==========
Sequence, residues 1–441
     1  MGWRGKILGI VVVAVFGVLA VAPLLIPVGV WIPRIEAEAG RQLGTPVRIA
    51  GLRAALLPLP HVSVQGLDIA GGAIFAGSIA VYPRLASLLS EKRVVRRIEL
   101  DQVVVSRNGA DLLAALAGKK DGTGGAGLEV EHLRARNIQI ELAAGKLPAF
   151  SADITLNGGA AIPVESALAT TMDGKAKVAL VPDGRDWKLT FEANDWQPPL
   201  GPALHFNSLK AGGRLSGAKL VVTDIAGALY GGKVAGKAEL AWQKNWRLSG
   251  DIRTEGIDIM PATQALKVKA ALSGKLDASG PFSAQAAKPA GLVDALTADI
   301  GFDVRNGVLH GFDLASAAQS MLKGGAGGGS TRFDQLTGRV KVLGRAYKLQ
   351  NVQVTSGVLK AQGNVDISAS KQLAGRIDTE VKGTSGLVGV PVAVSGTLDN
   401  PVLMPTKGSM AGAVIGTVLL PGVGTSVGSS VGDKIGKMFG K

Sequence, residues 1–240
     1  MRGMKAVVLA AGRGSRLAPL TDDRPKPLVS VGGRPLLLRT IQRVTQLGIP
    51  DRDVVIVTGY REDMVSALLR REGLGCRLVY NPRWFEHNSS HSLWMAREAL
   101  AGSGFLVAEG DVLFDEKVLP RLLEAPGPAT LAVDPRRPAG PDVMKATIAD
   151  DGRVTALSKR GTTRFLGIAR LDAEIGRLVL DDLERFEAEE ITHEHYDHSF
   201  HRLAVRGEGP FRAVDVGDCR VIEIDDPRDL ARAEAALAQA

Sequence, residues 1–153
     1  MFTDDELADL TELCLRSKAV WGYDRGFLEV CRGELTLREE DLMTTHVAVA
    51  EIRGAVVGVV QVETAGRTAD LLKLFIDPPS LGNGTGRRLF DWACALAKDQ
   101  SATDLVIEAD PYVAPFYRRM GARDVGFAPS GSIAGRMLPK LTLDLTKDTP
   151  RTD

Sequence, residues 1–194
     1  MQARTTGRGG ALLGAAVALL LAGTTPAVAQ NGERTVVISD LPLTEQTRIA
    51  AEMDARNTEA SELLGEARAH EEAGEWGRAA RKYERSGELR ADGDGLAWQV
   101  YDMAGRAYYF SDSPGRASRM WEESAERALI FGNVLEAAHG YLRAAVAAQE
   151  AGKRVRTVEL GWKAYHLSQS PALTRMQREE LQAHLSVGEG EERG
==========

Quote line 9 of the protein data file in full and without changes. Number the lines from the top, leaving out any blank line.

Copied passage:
   351  NVQVTSGVLK AQGNVDISAS KQLAGRIDTE VKGTSGLVGV PVAVSGTLDN